How to Wow Your Post-Graduation Interviewers


So you finally have the degree in your hands and now you are ready to start working on the position you’ve been preparing yourself for. Get ready to deal with mixed emotions: anxiety, excitement, fear, disappointment, and patient anticipation will become part of your daily life. The market is a tough place for young graduates, but you cannot give up on your goals now that you’ve came so far. Sending applications with different motivational letters is an energy-consuming, but necessary part of the job hunting process. Once you get a call for an interview, you can get ready for the real excitement.

You can expect the interviewer to be experienced in dealing with different categories of applicants and estimating their eligibility for the particular position. You already provided information about your degree in the application; that helped you get an interview, but it won’t be the factor of determination. The way you present yourself during the short interview is what really matters.

The following guidelines will help you get ready!

 Anticipate the questions

You cannot predict all questions the interviewer is going to ask, but there are several universal clichés you can rely on:

  • What are your strengths? What about your weaknesses?
  • Why did you apply for this job? What makes you interested in working for this company? (Hint: don’t say the money!)
  • What are your career goals?
  • How will you contribute towards our organization’s growth?
  • What do you do in your free time?

In order to answer the questions successfully, you’ll need to do some homework before presenting yourself at the interview. Research the company’s programs and find out what its goals are.

 Work on your handshake

If the interviewer encourages a handshake when you enter the room, you should know that this is a test. People with flabby handshakes undermine their chances for being hired right from the start. A nice, firm handshake tells a lot about your personality; it presents you as a focused, reliable person with healthy self-confidence.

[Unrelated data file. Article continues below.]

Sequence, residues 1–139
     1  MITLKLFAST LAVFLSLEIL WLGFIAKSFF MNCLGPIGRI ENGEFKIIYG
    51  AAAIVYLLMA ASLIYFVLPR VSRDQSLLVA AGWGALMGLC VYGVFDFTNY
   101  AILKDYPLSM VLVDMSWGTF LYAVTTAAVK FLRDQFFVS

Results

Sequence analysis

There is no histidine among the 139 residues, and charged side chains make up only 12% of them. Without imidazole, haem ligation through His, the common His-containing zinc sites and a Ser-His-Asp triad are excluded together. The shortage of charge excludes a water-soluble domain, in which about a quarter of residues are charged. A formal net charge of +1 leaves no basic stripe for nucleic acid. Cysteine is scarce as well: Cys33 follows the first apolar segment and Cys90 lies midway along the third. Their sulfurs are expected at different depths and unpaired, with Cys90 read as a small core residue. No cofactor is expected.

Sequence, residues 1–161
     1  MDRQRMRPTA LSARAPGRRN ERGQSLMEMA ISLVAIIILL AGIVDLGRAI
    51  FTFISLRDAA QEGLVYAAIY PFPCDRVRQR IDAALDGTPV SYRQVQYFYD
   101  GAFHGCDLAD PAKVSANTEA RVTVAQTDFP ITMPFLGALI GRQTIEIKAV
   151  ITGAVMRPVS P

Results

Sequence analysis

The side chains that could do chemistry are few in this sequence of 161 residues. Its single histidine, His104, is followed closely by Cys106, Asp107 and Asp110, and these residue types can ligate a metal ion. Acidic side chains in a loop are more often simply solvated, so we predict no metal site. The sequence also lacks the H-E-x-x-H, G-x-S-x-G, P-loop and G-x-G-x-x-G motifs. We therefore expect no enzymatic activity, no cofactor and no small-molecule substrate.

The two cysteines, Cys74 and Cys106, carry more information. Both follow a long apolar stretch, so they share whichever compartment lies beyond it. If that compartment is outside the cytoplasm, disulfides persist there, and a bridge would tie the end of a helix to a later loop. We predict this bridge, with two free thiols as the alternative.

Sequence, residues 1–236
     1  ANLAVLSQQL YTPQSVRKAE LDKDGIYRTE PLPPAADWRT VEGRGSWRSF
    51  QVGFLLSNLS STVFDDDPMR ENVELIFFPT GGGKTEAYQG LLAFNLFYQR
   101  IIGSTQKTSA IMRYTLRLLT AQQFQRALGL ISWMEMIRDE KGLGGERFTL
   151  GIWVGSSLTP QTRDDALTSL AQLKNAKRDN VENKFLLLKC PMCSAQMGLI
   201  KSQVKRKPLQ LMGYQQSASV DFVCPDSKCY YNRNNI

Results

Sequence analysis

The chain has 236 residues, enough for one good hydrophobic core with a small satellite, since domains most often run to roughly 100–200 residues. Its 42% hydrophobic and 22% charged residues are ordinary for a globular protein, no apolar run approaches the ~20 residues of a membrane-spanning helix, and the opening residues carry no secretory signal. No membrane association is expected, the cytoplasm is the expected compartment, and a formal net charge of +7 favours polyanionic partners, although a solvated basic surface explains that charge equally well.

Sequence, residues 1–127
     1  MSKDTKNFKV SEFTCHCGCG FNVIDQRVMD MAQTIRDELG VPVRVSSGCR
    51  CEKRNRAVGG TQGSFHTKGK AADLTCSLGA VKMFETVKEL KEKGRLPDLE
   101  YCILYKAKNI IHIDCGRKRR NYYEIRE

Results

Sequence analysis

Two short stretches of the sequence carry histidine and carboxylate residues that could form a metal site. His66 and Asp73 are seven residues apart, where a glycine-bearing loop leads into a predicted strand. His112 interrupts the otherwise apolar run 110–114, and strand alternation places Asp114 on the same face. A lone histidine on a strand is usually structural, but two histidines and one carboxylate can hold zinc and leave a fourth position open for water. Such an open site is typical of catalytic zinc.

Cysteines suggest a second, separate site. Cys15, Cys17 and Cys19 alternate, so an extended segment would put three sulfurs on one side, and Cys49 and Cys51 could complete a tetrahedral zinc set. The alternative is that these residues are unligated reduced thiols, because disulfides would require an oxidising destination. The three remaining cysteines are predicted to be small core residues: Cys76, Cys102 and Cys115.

Dress as a person who wants to be hired!

You thought that a potential employer would be interested solely in your capacity, knowledge, and motivation? Snap out of the utopia; looks are still important. Make yourself presentable with decent clothing suitable for the position you are applying for. This doesn’t mean that you should wear a boring suit that makes you uncomfortable, or pick the most expensive clothes you have in your closet. Investigate the company’s culture and think of a way to dress as a perfect fit. If you are having style doubts, just go for something classic and professional looking, but add a twist: a nice watch, tie, glasses, or subtle jewelry.

 Ask your own questions

Before wrapping things up, the interviewer will probably ask if you have any questions. Don’t say no! Your response in this situation shows if you’ve done a proper research of the company’s goals and values. Don’t be pretentious; ask two or three simple questions that will show that you are interested in the job.

Here is an example of a good question: “What are some of the greatest challenges your employees deal with?”

 Don’t talk too much… or too little

It’s hard to find the right balance here. You are expected to answer all questions without making the interviewer bored, but you should still present yourself as an eloquent candidate who can think fast and provide a meaningful response.

 Show some enthusiasm!

No one likes those candidates who complain that they haven’t been able to find a suitable job for years after graduation. Don’t let the interviewer label you as a disappointed person with lack of inspiration. Be positive and lighten up the room with your presence. Think of the interview as a chance to “sell” yourself as a person anyone would be glad to work with.

 Your personality is important!

The human resources department already reviewed your application and decided that you could be a suitable fit for the job. They called you for an interview to learn something more about you and see how you react in the company’s environment. You can tell an anecdote about yourself, but make sure it relates to the job you’re applying for.

Remember: you are allowed to let your personality shine through. You don’t have to act like the perfect candidate; just be natural and let the interviewer sense how awesome you are!       

About the Author

Michael McPherson is a graduate student from Boston University, freelance blogger and a regular contributor at http://www.scholaradvisor.com/. You may follow him on Twitter: @McPhersy